Junko Adichi writes part one. She talks of the early days of the crisis, the responses of both TEPCO and government agencies and how again and again actions were taken that ignored public safety.
(all articles have JP language version at the end of each article)
Part 1: Journalists’ responsibilities heavy in face of unprecedented crisis
Taku Nishikawa writes part two. He discusses the evacuation zones and MEXI radiation data. During the early days of the crisis only circular zones were established. Meanwhile concerning radiation levels were being found in certain areas and it was clear the radiation was not disbursing in a uniform way or staying isolated around the plant region. The Mainichi calculated and released data showing the cumulative doses in certain cities including Fukushima City that had a cumulative dose of 1770.7 microsieverts for March 14-21. As many of us outside Japan read this information back in March we had wondered why they were not evacuating Fukushima City. At the time, the Mainichi received criticism for publishing the information, in time they have been one of the early alarms to the extent of the crisis, similar to those individuals in Tokyo who were telling of radiation levels going up while being accused of trying to start panic.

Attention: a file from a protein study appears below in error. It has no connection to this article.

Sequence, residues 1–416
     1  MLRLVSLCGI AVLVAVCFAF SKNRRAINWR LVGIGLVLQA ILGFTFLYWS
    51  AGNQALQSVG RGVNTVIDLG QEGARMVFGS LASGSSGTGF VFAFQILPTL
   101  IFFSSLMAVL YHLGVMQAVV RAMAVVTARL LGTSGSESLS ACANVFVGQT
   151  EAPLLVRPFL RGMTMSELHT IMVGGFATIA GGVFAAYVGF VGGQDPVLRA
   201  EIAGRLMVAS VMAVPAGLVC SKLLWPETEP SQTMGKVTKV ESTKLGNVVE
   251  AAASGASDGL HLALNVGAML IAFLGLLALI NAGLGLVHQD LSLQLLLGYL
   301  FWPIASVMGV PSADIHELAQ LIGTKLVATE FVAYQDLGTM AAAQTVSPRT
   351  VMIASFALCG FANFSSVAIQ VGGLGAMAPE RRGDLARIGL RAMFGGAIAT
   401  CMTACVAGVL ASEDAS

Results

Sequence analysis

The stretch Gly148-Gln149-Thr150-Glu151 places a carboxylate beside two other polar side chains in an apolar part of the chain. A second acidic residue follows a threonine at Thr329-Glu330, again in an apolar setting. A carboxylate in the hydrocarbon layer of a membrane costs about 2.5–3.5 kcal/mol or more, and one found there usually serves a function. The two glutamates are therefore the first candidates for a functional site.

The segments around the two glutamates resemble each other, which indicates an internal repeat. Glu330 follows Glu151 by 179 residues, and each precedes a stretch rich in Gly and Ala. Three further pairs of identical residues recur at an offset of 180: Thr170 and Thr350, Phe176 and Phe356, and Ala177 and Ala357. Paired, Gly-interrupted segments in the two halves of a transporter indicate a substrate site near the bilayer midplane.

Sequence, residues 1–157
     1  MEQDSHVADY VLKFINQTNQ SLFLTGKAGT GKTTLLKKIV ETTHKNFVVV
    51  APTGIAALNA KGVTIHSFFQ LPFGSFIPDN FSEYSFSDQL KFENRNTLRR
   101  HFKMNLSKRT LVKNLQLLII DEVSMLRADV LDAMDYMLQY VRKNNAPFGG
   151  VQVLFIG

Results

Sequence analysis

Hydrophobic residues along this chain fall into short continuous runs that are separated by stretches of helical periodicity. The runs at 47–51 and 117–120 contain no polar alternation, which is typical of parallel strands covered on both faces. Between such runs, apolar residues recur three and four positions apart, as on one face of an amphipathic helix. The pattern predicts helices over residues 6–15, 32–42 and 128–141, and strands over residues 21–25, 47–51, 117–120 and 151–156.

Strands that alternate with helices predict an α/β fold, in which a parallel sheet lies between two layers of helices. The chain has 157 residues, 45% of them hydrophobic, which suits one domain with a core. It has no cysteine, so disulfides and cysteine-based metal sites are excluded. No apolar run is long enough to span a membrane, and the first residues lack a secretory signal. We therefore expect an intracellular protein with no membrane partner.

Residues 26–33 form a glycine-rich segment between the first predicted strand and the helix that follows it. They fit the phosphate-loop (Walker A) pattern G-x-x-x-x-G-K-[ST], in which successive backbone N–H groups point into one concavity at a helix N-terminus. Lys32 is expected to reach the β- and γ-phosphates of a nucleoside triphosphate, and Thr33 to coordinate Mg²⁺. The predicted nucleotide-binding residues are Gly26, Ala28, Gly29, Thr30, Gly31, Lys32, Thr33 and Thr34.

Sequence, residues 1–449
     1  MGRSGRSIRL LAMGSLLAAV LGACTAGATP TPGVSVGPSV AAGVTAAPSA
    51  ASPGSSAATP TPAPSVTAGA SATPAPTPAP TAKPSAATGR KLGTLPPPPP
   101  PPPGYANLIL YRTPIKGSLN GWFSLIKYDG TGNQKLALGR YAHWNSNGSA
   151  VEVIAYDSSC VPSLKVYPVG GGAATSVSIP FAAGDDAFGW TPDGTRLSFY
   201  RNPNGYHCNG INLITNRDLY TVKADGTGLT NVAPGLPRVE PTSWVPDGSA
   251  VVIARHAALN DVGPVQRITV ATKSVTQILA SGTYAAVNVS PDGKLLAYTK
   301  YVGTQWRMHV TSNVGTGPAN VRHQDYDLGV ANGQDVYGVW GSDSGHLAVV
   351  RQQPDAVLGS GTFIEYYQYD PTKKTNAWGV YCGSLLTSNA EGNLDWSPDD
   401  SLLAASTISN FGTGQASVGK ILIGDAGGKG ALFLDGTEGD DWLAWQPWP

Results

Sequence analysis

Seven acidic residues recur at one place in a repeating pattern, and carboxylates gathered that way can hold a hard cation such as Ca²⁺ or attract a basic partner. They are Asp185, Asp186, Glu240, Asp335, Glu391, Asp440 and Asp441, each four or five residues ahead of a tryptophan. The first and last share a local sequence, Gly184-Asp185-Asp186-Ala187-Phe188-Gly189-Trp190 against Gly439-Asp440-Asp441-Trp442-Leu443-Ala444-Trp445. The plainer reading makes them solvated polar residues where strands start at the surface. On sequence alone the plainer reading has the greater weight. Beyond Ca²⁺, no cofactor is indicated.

Part 2: Journalists strived to get truth about nuclear fallout to public
Satoshi Kusakabe, Takayuki Hakamada and Akiyo Ichikawa take on part three. The workers and their radiation exposure. This has been an ongoing problem and one that will have consequences for decades. Workers actual radiation levels have been frequently not recorded or otherwise altered. The employers claim in order to allow the worker to continue to work, failing to mention that this action aids them in later denying workers owed compensation for injuries and illness caused by their actual exposures working at the plant.
Part 3: Journalists keep close eye on Fukushima nuclear worker radiation exposure
We will post the remaining portions of the series as they are published.
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